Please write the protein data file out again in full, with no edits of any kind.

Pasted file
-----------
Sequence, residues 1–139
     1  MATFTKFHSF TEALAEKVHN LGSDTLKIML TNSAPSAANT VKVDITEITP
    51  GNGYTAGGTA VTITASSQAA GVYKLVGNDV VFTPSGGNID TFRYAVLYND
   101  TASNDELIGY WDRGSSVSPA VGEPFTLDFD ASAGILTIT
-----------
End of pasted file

Sequence, residues 1–139
     1  MATFTKFHSF TEALAEKVHN LGSDTLKIML TNSAPSAANT VKVDITEITP
    51  GNGYTAGGTA VTITASSQAA GVYKLVGNDV VFTPSGGNID TFRYAVLYND
   101  TASNDELIGY WDRGSSVSPA VGEPFTLDFD ASAGILTIT